Winner of the National Book Critics Circle Award for Nonfiction When three-month-old Lia Lee Arrived at the county hospital emergency room in Merced, California, a chain of events was set in motion from which neither she nor her parents nor her doctors would ever recover. Lia's parents, Foua and Nao Kao, were part of a large Hmong community in Merced, refugees from the CIA-run "Quiet War" in Laos. The Hmong, traditionally a close-knit and fiercely people, have been less amenable to assimilation than most immigrants, adhering steadfastly to the rituals and beliefs of their ancestors. Lia's pediatricians, Neil Ernst and his wife, Peggy Philip, cleaved just as strongly to another tradition: that of Western medicine. When Lia Lee Entered the American medical system, diagnosed as an epileptic, her story became a tragic case history of cultural miscommunication. Parents and doctors both wanted the best for Lia, but their ideas about the causes of her illness and its treatment could hardly have been more different. The Hmong see illness aand healing as spiritual matters linked to virtually everything in the universe, while medical community marks a division between body and soul, and concerns itself almost exclusively with the former. Lia's doctors ascribed her seizures to the misfiring of her cerebral neurons; her parents called her illness, qaug dab peg--the spirit catches you and you fall down--and ascribed it to the wandering of her soul. The doctors prescribed anticonvulsants; her parents preferred animal sacrifices.
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- Author : BookRags
- Publisher : BookRags
- Release Date :
- Genre : Uncategorized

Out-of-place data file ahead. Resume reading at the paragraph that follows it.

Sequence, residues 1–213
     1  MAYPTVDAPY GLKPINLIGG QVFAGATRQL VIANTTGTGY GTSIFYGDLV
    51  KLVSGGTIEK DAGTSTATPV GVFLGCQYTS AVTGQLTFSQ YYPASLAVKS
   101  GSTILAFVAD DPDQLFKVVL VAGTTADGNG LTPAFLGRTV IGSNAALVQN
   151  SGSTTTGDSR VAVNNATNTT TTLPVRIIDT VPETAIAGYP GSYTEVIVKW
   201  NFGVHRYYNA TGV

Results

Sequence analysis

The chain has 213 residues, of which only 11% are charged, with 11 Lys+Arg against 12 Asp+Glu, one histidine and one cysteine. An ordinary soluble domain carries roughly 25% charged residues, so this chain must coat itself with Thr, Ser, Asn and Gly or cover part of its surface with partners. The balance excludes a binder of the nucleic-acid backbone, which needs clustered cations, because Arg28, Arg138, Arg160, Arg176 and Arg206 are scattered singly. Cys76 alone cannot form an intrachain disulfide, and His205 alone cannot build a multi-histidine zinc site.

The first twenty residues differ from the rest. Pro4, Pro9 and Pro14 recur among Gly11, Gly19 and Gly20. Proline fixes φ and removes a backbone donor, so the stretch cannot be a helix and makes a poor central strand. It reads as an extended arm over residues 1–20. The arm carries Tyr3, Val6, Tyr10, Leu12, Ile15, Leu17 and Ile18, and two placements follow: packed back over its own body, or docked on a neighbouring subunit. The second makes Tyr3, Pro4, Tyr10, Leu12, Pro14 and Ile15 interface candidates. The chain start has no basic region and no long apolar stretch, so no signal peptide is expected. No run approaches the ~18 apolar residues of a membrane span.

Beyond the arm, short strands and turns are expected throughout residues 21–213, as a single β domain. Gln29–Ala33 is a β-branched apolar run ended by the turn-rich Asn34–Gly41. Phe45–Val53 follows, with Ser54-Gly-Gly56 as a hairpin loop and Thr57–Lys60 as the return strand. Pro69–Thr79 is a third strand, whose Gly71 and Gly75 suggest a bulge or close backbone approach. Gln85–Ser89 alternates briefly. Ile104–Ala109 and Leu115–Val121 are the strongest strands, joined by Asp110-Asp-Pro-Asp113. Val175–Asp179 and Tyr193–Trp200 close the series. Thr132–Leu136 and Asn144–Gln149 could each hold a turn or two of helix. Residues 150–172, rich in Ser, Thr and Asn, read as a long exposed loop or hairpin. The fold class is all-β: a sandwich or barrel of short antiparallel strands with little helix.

- Pages : 231
- ISBN : 9876543210XXX
The Spirit Catches You and You Fall Down a Hmong Child Her American Doctors and the Collision of Two Cultures
- Author : Anonim
- Publisher : Unknown
- Release Date : 2015
- Genre : Uncategorized
- Pages : 231
- ISBN : OCLC:1091211648
- Author : Dia Cha
- Publisher : Psychology Press
- Release Date : 2003
- Genre : History
- Pages : 240
- ISBN : 0415944953
America's healthcare system in the twenty-first century faces a variety of pressures and challenges, not the least of which is that posed by the increasingly multicultural nature of American society itself. Large numbers among the Hmong, immigrants from the landlocked Asian nation of Laos, continue to prefer their own ancient medical traditions. That these Hmong Americans should continue to adhere to a tradition of folk medicine, rather than embrace the modern healthcare system of America, poses questions that must be answered. This book takes up the task of examining Hmong American concepts of health, illness and healing, and looks at the Hmong American experience with conventional medicine. In so doing, it identifies factors that either obstruct or enable healthcare delivery to the Hmong, specifically a target sample of Hmong Americans resident in Colorado. Drawing upon scientific methods of data collection, the research reveals attitudes currently held by a group of American citizens toward health and medicine which run the gamut from the very modern to those which have prevailed in the highlands of Southeast Asia for centuries.